Oscar M. Alvarez Ph.D., Martin E. Wendelken DPM, RN, Daphne Chivily RN, BSN, WOCN, Linda Champion, RN, BSN, Rachelle Parker, MD From the Center for Curative and Palliative Wound Care, Calvary Hospital, Bronx, NY, Department of Medicine, New York Medical College, Valhalla, NY
To evaluate and compare the effects of SPGC on the healing rate of VLU and to collect clinical information regarding CVI symptom management, ease of use, and safety profile.
This was a prospective, parallel, 12-week pilot non-inferiority study involving 15 consecutive VLU patients in an outpatient hospital-based wound care center. Healing rates in patients receiving compression therapy with SPGC were compared to healing rates in VLU patients treated with standard of care compression therapy (historical control) consisting of a modified Unna’s boot or 4-Layer Bandage Compression System. (4-LB)**
Wound healing outcomes were graded using Photodigital Plani-metry Software*** and a numerical scale of +3 to -3 (+3= complete closure, +2= >50% closure at 4 weeks, +1= 25-49% closure at 4 weeks, -1= 1-24% closure at 4 weeks, -2= no improvement, -3= wound deterioration). Lower leg edema was measured using ankle and calf circumference and local wound pain was measured using a 10-point visual analog scale (VAS).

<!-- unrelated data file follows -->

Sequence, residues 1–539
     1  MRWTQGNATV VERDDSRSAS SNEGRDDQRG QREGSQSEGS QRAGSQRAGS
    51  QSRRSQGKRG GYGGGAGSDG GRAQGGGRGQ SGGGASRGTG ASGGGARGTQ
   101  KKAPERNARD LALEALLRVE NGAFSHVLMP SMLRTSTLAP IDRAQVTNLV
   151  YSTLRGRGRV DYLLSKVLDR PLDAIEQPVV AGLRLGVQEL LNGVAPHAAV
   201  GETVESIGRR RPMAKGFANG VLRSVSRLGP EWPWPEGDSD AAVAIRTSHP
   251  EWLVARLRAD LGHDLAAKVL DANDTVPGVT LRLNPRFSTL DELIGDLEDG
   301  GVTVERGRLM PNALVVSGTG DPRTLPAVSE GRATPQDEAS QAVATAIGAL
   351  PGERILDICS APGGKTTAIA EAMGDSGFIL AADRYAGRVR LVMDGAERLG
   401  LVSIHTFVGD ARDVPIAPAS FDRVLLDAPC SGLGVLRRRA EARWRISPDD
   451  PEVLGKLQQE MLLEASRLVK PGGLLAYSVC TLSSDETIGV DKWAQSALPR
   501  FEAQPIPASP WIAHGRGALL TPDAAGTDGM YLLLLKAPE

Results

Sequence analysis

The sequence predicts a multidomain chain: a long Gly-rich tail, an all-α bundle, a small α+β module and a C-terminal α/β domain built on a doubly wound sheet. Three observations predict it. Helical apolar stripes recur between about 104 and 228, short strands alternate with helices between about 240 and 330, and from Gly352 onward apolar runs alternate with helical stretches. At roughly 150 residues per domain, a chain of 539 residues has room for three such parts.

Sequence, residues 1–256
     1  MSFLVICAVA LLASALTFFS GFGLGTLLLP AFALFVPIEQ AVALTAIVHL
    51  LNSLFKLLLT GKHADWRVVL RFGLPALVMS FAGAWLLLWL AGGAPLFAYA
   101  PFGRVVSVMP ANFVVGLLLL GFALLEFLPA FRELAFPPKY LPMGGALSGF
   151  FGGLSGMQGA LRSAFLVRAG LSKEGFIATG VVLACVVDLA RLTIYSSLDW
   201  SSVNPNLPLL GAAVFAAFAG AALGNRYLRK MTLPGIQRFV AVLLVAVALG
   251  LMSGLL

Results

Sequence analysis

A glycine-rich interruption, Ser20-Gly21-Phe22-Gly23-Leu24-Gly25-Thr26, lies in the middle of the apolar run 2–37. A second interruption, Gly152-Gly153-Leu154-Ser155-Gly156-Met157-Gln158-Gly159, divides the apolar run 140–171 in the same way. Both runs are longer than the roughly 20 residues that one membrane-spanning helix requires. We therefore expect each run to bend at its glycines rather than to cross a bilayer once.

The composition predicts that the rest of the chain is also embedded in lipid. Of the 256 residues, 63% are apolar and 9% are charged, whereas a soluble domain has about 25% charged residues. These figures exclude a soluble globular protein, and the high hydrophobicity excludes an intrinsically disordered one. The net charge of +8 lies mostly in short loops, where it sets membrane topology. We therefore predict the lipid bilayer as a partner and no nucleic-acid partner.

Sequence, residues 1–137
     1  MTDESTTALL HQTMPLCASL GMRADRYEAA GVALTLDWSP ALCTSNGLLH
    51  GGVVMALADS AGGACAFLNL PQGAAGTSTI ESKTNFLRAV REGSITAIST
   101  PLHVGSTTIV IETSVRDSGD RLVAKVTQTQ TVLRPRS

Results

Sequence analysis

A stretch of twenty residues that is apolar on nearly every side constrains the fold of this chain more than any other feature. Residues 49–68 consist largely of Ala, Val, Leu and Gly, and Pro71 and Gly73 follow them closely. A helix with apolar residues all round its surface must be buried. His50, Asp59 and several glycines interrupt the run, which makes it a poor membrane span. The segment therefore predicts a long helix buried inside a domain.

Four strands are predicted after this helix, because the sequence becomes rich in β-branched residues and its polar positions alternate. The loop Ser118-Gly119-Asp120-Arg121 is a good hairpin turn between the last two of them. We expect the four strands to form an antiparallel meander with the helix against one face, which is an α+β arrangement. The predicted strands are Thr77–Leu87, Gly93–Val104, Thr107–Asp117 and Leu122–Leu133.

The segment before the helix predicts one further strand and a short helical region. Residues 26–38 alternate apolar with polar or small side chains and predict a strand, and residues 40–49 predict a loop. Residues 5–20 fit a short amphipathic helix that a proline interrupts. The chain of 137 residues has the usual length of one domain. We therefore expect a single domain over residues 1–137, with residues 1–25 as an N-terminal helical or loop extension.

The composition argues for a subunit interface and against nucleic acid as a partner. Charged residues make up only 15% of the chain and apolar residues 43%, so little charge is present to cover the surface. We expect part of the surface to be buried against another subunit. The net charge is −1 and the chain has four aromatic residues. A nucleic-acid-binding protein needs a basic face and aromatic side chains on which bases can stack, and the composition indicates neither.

There were no significant differences in the mean wound score between the SPGC group (2.3) and the standard of care controls (2.0). Nine of the 15 patients (60%) in the SPGC group achieved 50% wound healing at 4 weeks compared to 52% in the control group. Reduction of wound pain and edema reduction was also similar between both groups.
In this pilot trial, compression therapy with SPCG was as effective as traditional compression bandage therapy. SPCG is easily self-applied, can be worn with normal shoes, and can be easily removed for showering and sleeping. Although SPCG cannot be used on every CVI patient, it may provide a cost-effective alternative for those who don’t want to visit the doctor weekly or want a more active lifestyle.